Traps on overflow/underflow.

Example:

`Int64.sub(123, 100) // => +23`

Note: The reason why this function is defined in this library (in addition
to the existing `-`

operator) is so that you can use it as a function
value to pass to a higher order function. It is not possible to use `-`

as a function value at the moment.

Example:

`import Array "mo:base/Array";`

Array.foldLeft<Int64, Int64>([1, -2, -3], 0, Int64.sub) // => 4

## Function `mul`

`func mul(x : Int64, y : Int64) : Int64`

Returns the product of `x`

and `y`

, `x * y`

.

Traps on overflow/underflow.

Example:

`Int64.mul(123, 10) // => +1_230`

Note: The reason why this function is defined in this library (in addition
to the existing `*`

operator) is so that you can use it as a function
value to pass to a higher order function. It is not possible to use `*`

as a function value at the moment.

Example:

`import Array "mo:base/Array";`

Array.foldLeft<Int64, Int64>([1, -2, -3], 1, Int64.mul) // => 6

## Function `div`

`func div(x : Int64, y : Int64) : Int64`

Returns the signed integer division of `x`

by `y`

, `x / y`

.
Rounds the quotient towards zero, which is the same as truncating the decimal places of the quotient.

Traps when `y`

is zero.

Example:

`Int64.div(123, 10) // => +12`

Note: The reason why this function is defined in this library (in addition
to the existing `/`

operator) is so that you can use it as a function
value to pass to a higher order function. It is not possible to use `/`

as a function value at the moment.

## Function `rem`

`func rem(x : Int64, y : Int64) : Int64`

Returns the remainder of the signed integer division of `x`

by `y`

, `x % y`

,
which is defined as `x - x / y * y`

.

Traps when `y`

is zero.

Example:

`Int64.rem(123, 10) // => +3`

Note: The reason why this function is defined in this library (in addition
to the existing `%`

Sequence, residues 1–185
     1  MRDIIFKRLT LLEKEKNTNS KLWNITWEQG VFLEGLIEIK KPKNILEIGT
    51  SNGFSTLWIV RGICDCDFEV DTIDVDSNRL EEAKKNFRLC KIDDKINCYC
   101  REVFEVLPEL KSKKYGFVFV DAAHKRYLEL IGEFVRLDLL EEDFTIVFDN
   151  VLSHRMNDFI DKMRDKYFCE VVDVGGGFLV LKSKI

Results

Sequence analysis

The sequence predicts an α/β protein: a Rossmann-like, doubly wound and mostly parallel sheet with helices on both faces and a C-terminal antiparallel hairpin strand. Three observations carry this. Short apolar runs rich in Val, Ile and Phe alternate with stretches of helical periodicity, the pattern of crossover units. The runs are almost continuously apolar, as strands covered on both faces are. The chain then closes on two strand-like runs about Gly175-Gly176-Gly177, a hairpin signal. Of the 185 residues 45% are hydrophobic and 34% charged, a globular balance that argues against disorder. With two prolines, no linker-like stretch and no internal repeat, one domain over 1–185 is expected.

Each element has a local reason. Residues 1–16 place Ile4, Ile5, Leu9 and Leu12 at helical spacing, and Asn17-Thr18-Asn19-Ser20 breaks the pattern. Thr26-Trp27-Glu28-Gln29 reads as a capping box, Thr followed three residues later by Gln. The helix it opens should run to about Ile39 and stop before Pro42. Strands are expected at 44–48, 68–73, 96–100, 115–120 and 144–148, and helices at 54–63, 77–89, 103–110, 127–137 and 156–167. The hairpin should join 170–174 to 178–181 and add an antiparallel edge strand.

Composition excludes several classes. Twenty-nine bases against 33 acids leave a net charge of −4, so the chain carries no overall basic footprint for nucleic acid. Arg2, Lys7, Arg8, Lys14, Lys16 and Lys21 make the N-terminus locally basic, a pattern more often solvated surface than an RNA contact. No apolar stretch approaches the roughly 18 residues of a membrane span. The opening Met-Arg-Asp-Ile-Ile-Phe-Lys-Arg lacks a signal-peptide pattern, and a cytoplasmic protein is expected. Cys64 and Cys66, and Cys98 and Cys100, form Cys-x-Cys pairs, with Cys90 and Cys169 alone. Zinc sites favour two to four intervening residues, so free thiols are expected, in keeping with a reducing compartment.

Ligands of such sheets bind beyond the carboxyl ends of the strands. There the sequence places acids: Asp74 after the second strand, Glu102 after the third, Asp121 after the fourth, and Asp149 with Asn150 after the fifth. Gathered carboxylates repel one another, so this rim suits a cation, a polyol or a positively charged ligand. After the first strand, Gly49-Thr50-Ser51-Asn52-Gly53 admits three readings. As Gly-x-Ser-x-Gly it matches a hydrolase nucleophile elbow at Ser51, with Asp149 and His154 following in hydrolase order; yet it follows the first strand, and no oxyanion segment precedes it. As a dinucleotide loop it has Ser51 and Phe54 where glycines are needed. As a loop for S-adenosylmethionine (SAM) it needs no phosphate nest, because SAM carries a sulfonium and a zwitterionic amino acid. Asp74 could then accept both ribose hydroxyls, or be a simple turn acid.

operator) is so that you can use it as a function
value to pass to a higher order function. It is not possible to use `%`

as a function value at the moment.

## Function `pow`

`func pow(x : Int64, y : Int64) : Int64`

Returns `x`

to the power of `y`

, `x ** y`

.

Traps on overflow/underflow and when `y < 0 or y >= 64`

.

Example:

`Int64.pow(2, 10) // => +1_024`

Note: The reason why this function is defined in this library (in addition
to the existing `**`

operator) is so that you can use it as a function
value to pass to a higher order function. It is not possible to use `**`

as a function value at the moment.

## Function `bitnot`

`func bitnot(x : Int64) : Int64`

Returns the bitwise negation of `x`

, `^x`

.

Example:

`Int64.bitnot(-256 /* 0xffff_ffff_ffff_ff00 */) // => +255 // 0xff`

Note: The reason why this function is defined in this library (in addition
to the existing `^`

operator) is so that you can use it as a function
value to pass to a higher order function. It is not possible to use `^`

as a function value at the moment.

## Function `bitand`

`func bitand(x : Int64, y : Int64) : Int64`

Returns the bitwise "and" of `x`

and `y`

, `x & y`

.

Example:

`Int64.bitand(0xffff, 0x00f0) // => +240 // 0xf0`

Note: The reason why this function is defined in this library (in addition
to the existing `&`

operator) is so that you can use it as a function
value to pass to a higher order function. It is not possible to use `&`

as a function value at the moment.

## Function `bitor`

`func bitor(x : Int64, y : Int64) : Int64`

Returns the bitwise "or" of `x`

and `y`

, `x | y`

.

Example:

`Int64.bitor(0xffff, 0x00f0) // => +65_535 // 0xffff`

Note: The reason why this function is defined in this library (in addition
to the existing `|`